This is even more important as the value of cryptocurrencies grows, since more value means more lucrative targets for potential thieves. In 2020, there were 28 total attacks on crypto exchanges, the largest of which resulted in more than $200 million in cryptocurrency assets stolen from Singapore-based crypto exchange KuCoin.
Look into how much of its assets the exchange keeps offline. While exchanges, by nature, need to keep some crypto active to facilitate trades, it’s smart to keep the majority of holdings in cold storage, or offline, where it’s more difficult for hackers to access. Coinbase, for example, says it stores 98% of customer funds offline, while only 2% is actively traded. That storage, combined with its $255 million insurance policy, offers more reason to trust your crypto assets will be covered in the case of a hack.
You can also look for general online security measures you may already be familiar with on other platforms, such as two-factor authentication. That means, in addition to your username and password, you’ll have to verify your identity using an additional method, like entering a code you receive by text message, each time you log in.
In general, you may feel most secure sticking with more popular exchanges with an already-large customer base. You may be taking more of a risk doing business with smaller or newer exchanges that don’t have their security measures and offerings spelled out clearly online.
“Size matters here,” says Douglas Boneparth, a financial advisor and president of Bone Fide Wealth in New York. He points to Coinbase, which recently went public on the Nasdaq stock exchange. “There are pros and cons to that, but you now have public financials, you can actually see the health of the company, and that’s important when thinking about using an exchange or investing with any company or product or service that they’re providing.”
Fees are another thing to consider, but don’t necessarily let a high fee structure turn you off an exchange. “The easier they make it for you to buy it, the higher the fee that you’re going to be paying,” says Spencer Montgomery, founder of Uinta Crypto Consulting, a program for new investors to learn about crypto. Higher fees can also be a worthwhile tradeoff for the added protections and insurance that the bigger, more popular exchanges provide.
Exchange fees may be a fixed price, but are often a percentage of your trade. Some exchanges, like Cash App, charge fluctuating fees based on price volatility. Fees are often charged per transaction, and can differ whether you’re the seller or the buyer. There may also be different fees depending on which currencies you trade. Make sure you understand exactly how and when an exchange plans to charge you for your crypto transactions before handing over your cash.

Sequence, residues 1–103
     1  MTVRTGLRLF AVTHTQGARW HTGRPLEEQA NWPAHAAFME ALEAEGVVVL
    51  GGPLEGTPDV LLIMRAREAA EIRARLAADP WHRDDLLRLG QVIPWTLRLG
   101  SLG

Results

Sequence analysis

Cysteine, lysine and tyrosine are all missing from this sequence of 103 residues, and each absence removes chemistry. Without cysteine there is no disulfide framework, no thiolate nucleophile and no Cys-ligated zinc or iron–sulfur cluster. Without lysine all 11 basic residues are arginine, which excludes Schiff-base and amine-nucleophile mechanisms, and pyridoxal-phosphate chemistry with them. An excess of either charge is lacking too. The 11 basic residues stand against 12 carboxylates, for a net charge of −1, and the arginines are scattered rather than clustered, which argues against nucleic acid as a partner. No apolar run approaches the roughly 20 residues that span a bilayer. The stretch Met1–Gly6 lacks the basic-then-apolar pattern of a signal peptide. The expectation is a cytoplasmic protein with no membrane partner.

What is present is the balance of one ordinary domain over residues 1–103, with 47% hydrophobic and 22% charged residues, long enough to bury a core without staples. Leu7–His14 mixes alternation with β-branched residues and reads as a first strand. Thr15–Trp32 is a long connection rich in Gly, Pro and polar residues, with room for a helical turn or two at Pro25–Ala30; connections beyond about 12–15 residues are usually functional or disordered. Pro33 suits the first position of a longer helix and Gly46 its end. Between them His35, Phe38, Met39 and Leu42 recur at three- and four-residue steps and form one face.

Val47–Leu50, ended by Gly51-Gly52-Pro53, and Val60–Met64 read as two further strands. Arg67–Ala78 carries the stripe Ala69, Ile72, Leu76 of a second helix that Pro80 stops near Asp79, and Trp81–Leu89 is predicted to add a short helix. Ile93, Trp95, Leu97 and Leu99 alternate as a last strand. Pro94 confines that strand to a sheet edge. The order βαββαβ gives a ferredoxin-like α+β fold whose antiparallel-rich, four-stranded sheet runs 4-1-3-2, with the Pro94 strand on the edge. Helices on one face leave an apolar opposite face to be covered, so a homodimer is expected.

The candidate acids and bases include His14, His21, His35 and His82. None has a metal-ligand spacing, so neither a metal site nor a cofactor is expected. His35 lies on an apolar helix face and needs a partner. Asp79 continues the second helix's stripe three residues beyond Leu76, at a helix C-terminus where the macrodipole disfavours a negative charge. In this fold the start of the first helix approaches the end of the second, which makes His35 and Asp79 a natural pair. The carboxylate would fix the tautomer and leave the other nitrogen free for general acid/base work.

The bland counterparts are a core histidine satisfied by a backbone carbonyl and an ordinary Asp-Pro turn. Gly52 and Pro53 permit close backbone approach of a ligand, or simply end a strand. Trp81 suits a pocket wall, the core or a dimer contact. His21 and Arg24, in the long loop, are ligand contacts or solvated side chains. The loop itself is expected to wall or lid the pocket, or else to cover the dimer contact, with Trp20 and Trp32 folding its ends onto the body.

If you plan to buy, sell, or trade your crypto, the exchange you choose should have enough trade volume to ensure your holdings are relatively liquid, meaning you can sell them when you want. Again, this can be an instance where size matters. Often, the more popular exchanges are also those with the largest trade volumes.
When a lot of trades are happening within an exchange at any given time, it means you have a higher chance of buying or selling the crypto you hold at the best price, Montgomery says. Crypto prices move very quickly, so when you use an exchange that doesn’t have a lot of trade volume, you could end up paying a higher price than you would on more popular exchanges. For example, say you decide to buy Bitcoin once its price falls below $32,000. If you’re on an exchange with a low trade volume, you may end up actually paying a different price than you think, if your purchase doesn’t actually go through until the price has moved back up.
CoinMarketCap, a price-tracking site for cryptocurrencies, continually tracks the trade volume of hundreds of exchanges in operation. Currently, it lists Binance, Coinbase, and Huobi as the top exchanges by volume worldwide.
Not every exchange offers each of the thousands of cryptocurrencies that exist.
If you’re interested in a popular coin like Bitcoin or Ethereum, you’ll probably find it on any given exchange you’re considering. But newer altcoins, coins with a very small market cap, or meme coins may require a bit more shopping around.